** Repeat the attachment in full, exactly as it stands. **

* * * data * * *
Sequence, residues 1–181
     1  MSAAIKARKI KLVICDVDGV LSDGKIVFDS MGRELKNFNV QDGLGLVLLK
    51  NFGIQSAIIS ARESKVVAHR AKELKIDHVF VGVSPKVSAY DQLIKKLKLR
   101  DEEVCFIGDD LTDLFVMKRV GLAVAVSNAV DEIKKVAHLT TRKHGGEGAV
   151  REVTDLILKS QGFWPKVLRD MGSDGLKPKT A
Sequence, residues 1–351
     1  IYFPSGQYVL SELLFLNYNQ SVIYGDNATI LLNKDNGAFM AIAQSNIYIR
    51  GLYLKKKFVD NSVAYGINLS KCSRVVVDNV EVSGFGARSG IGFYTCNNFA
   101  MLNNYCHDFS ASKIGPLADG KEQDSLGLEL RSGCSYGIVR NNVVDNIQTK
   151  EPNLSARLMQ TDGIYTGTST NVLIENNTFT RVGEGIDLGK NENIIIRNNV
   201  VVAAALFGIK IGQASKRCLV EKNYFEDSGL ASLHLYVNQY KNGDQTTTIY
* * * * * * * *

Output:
Sequence, residues 1–181
     1  MSAAIKARKI KLVICDVDGV LSDGKIVFDS MGRELKNFNV QDGLGLVLLK
    51  NFGIQSAIIS ARESKVVAHR AKELKIDHVF VGVSPKVSAY DQLIKKLKLR
   101  DEEVCFIGDD LTDLFVMKRV GLAVAVSNAV DEIKKVAHLT TRKHGGEGAV
   151  REVTDLILKS QGFWPKVLRD MGSDGLKPKT A
Sequence, residues 1–351
     1  IYFPSGQYVL SELLFLNYNQ SVIYGDNATI LLNKDNGAFM AIAQSNIYIR
    51  GLYLKKKFVD NSVAYGINLS KCSRVVVDNV EVSGFGARSG IGFYTCNNFA
   101  MLNNYCHDFS ASKIGPLADG KEQDSLGLEL RSGCSYGIVR NNVVDNIQTK
   151  EPNLSARLMQ TDGIYTGTST NVLIENNTFT RVGEGIDLGK NENIIIRNNV
   201  VVAAALFGIK IGQASKRCLV EKNYFEDSGL ASLHLYVNQY KNGDQTTTIY